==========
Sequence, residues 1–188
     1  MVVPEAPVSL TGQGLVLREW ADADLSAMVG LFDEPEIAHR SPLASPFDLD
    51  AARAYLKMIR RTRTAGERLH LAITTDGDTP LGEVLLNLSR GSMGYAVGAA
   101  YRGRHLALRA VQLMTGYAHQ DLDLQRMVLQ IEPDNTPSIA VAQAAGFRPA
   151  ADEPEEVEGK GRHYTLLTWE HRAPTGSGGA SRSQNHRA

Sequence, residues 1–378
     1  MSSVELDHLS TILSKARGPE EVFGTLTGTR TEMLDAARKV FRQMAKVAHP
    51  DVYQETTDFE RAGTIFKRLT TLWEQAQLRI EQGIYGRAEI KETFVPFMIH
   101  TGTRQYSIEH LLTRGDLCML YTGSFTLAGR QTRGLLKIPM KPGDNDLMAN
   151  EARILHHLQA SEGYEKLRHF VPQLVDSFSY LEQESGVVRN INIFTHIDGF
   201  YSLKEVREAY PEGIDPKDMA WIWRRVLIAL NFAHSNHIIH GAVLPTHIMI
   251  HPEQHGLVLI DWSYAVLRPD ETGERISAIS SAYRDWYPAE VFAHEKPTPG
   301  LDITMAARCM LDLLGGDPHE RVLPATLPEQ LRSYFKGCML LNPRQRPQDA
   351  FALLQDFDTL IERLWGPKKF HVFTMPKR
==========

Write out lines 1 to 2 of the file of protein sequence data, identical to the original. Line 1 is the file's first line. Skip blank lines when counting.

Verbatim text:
Sequence, residues 1–188
     1  MVVPEAPVSL TGQGLVLREW ADADLSAMVG LFDEPEIAHR SPLASPFDLD